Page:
Portland, Ore. Researchers at Cornell University have created the world's smallest mechanical oscillator that is capable of being tuned electrically. The nanoelectromechanical system (NEMS), which might be a forerunner of sensors that can detect individual atoms, stretches a 1-nanometer-diameter nanotube across a 1,500-nm-wide trench. The system creates a guitar-stringlike device that could also be used as a mechanical RF oscillator or as a clock reference in future nanoscale chips.
"Very simply, what we have here is a smaller version of a MEMS [microelectromechanical systems] RF oscillator, but using carbon nanotubes and being electrically tunable," said Paul McEuen, a Cornell physics professor. "All of its applications are years away from being practical, but it is an interesting new direction for researchers plumbing the nanoscale."
To construct the nanoscale oscillator, which the researchers tuned as high as 200 MHz in the lab, the team first grew an oxide on a standard single-crystal silicon wafer. Next they grew nanotubes with 1- to 4-nm diameters and laid them on the oxide's surface, then etched a micronwide trench under the nanotubes' middle so that they were suspended.
"We use an atomic-force microscope to locate the nanotube. Then we use lithography to define a trench with photoresist. Then we just etch out about a 1-micron-wide section underneath the nanotube. The middle of the nanotube was suspended over the trench with nothing more than van der Waals forces holding it there," said McEuen.
Since the width of the trench about 1.2 to 1.5 microns is more than 1,000x wider than the width of the nanotube, the arrangement is similar to a stretched guitar string.
Others have etched silicon MEMS rods to create guitar-stringlike mechanical oscillators, but those were at lower-kHz frequencies, and were not electrically tunable, like McEuen's group's design.
In the McEuen oscillator, an ac voltage is applied to the silicon substrate to start the string oscillating. A dc voltage was able to change the tension of the "guitar string," thereby precisely tuning the frequency of its oscillation, which ranged from 3 to 200 millions of cycles per second.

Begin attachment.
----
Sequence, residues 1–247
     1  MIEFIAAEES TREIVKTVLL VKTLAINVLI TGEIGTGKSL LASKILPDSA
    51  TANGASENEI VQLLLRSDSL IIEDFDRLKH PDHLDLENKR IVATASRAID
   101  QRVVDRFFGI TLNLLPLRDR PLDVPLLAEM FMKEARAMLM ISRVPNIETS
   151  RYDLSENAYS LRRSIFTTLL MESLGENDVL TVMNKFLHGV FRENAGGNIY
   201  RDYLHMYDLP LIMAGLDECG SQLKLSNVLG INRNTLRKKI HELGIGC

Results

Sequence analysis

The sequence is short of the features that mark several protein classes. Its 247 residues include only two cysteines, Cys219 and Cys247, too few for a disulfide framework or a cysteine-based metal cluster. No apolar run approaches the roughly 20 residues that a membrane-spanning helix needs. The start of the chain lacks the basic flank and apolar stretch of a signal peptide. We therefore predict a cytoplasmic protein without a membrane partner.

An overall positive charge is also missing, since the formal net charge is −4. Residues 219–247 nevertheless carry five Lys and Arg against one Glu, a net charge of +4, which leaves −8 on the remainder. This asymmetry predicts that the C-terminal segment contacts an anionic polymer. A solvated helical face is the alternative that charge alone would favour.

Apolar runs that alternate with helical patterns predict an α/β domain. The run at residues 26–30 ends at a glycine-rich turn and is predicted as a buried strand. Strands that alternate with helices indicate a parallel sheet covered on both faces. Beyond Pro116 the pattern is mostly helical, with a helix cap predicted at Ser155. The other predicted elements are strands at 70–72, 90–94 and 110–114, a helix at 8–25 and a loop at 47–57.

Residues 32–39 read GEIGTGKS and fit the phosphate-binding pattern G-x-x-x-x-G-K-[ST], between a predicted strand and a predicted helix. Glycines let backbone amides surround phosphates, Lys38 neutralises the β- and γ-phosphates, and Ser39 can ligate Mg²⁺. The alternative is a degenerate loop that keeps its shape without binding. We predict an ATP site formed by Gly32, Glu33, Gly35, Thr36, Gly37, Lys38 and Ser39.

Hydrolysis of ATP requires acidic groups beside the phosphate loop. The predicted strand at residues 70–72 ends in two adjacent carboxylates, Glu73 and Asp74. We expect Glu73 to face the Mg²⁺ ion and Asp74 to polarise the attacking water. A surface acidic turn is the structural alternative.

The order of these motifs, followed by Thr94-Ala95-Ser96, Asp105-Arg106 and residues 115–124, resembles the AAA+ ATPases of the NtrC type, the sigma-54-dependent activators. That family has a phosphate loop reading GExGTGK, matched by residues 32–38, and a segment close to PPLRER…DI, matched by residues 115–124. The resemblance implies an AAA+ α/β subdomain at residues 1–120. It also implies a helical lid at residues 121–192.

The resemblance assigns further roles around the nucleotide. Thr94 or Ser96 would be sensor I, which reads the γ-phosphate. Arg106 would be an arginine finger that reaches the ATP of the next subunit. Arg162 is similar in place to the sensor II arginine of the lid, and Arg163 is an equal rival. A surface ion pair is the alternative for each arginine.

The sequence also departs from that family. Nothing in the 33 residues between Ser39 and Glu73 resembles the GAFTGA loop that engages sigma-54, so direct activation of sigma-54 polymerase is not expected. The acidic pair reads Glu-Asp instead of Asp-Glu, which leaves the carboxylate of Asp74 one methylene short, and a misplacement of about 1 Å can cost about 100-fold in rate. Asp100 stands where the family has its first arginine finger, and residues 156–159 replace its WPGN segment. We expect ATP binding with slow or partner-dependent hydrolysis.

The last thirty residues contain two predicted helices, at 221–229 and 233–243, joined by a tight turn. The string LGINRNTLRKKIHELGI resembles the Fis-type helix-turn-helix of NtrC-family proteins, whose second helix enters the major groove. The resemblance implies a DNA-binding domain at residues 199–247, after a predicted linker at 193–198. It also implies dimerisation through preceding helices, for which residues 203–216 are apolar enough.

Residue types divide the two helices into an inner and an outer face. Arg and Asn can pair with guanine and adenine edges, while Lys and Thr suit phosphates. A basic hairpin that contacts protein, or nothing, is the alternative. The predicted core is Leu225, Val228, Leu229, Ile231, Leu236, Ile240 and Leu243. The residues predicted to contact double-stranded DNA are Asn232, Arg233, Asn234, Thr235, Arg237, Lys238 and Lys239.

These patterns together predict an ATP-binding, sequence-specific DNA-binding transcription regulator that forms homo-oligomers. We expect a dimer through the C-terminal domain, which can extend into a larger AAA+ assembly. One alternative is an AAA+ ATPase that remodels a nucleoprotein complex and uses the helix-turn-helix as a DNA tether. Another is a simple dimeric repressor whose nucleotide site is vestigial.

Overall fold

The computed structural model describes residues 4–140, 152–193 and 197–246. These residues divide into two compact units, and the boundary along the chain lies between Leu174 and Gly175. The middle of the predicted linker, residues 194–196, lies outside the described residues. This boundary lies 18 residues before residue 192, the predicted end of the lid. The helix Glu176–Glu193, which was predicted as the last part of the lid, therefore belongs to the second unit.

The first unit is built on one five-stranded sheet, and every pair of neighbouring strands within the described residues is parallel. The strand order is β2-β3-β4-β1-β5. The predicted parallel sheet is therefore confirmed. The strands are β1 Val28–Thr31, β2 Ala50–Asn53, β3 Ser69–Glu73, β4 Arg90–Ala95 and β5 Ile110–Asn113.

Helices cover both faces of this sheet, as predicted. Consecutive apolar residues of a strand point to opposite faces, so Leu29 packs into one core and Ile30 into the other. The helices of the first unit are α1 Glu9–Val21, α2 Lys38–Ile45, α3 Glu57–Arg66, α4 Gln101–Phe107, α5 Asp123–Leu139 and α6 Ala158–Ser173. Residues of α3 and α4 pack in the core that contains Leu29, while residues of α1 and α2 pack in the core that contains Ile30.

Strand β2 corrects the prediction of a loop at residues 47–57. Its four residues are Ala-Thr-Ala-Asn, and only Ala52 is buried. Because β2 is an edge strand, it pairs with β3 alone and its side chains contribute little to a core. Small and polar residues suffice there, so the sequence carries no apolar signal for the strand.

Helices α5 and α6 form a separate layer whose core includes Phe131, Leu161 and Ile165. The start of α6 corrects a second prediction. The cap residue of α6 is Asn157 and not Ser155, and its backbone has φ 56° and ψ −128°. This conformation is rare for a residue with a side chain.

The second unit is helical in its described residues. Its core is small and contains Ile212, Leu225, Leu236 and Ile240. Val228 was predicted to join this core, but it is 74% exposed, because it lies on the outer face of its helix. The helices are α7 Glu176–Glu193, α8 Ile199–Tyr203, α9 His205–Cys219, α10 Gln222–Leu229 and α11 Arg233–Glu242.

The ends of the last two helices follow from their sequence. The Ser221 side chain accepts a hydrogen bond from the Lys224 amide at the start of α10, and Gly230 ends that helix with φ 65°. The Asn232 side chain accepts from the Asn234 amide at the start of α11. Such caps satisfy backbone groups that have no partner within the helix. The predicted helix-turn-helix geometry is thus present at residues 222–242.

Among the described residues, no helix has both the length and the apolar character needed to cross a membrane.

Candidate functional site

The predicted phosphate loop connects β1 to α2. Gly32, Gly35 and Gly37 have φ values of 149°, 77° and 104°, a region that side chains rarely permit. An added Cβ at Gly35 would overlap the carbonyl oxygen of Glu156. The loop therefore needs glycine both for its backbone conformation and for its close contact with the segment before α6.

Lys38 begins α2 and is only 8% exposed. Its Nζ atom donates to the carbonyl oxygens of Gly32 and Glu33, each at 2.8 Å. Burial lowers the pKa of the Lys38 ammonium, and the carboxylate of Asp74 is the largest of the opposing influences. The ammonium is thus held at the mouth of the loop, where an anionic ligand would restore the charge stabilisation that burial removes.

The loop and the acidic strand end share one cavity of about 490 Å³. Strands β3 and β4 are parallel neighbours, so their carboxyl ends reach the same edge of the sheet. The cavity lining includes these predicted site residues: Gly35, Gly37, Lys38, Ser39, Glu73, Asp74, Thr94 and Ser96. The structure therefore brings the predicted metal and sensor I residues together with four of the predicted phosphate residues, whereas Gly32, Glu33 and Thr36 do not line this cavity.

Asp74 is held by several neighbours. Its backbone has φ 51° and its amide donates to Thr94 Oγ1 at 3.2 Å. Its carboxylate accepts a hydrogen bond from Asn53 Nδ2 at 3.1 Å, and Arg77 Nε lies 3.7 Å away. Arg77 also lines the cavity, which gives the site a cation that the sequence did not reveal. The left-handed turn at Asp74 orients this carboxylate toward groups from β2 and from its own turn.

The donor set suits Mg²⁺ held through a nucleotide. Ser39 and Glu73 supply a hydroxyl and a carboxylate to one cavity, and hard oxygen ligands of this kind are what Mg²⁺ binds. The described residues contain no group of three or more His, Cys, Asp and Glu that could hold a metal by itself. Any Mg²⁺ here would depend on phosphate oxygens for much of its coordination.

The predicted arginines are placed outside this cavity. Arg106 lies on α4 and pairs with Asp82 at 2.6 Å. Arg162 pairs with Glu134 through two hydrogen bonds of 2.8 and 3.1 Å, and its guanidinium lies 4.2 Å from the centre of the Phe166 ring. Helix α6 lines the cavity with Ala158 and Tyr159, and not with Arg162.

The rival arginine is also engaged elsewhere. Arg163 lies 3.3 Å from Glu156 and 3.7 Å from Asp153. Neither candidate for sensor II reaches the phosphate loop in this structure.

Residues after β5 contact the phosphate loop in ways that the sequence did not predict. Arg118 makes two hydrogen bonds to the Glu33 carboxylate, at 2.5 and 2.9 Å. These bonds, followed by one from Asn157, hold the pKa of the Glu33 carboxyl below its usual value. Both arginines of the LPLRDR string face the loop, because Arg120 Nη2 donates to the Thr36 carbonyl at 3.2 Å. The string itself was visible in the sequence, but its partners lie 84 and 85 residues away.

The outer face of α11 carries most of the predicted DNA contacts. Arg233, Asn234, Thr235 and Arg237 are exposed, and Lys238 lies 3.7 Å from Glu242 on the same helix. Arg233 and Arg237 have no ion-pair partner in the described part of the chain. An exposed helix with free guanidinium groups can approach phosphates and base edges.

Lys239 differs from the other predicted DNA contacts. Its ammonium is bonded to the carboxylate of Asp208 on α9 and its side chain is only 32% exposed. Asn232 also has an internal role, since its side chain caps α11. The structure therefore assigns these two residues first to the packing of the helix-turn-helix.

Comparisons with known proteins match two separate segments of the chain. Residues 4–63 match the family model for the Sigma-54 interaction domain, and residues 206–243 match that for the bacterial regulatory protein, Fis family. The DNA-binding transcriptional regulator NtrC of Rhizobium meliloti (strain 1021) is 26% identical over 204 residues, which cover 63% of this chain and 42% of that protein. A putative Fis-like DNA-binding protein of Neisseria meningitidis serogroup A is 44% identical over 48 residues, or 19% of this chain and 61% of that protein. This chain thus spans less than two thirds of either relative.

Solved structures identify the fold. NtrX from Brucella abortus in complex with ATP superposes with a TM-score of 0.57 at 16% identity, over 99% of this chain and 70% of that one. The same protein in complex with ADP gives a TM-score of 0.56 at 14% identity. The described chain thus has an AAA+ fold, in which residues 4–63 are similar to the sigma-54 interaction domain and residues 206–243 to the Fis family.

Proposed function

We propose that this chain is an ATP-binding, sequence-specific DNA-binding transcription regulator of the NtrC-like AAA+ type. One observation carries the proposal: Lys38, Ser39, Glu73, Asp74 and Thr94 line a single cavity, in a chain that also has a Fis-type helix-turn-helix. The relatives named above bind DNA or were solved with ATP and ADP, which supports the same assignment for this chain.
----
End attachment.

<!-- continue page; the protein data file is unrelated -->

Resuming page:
"We discovered that a voltage applied to the substrate electrostatically attracted the nanotube downward, enabling us to precisely tune the tension in the string by changing the voltage," said McEuen.
McEuen performed the work with Toms A. Arias, Cornell associate professor of physics; Vera Sazonova, a Cornell graduate student in physics; David Roundy, a postdoctoral associate; and Yuval Yaish, a visiting scientist in the Laboratory of Atomic and Solid State Physics (LASSP) at Cornell.
An electrically tunable nanoscale mechanical oscillator has the potential for applications in the same areas today in which engineers are conducting experiments using radio frequency MEMS devices such as wireless sensor nets. It could also be configured as a mechanical RF receiver in the spirit of the original "cat's whisker" mechanical RF receivers that predate electronics. As the world's smallest radio frequency detector, such a NEMS device could be tuned into a particular frequency just by changing the substrate voltage.
The device could also be used as a sensor. Because of its size a nanometer is the width of about four atoms any molecules sticking to the nanotube would change the nanotube's frequency of oscillation by an amount proportional to its weight, making it possible to weigh individual molecules or even atoms.
"We are not trying to make a single-molecule sensor for detecting anthrax or anything. . . . But we are going to do some work for NASA to try to weigh different kinds of individual atoms or molecules.
"Right now," said McEuen, "by our calculations, we are right on the edge of being able to measure the weight of a single molecule. So what we want to do next is to cool the nanotube down and see if it gets more accurate when we get it very, very cold. If it does, then we may be able to study the effect of individual molecules, atoms, even electrons," he said.
The group is now retrofitting its laboratory to cool its test setup to cryogenic temperatures. By combining the unknown effects of quantum confinement and electrically tunable mechanical vibration, McEuen predicts that new discoveries are inevitable.
The group (www.lassp.cornell.edu/assp_data/mceuen/homepage/pubs.html) was funded by the National Science Foundation, the Microelectronics Advanced Research Corp. Focus Center on Materials, Structures & Devices and the Semiconductor Research Corp. The devices were fabricated at the NSF-funded Cornell Nanoscale Facility.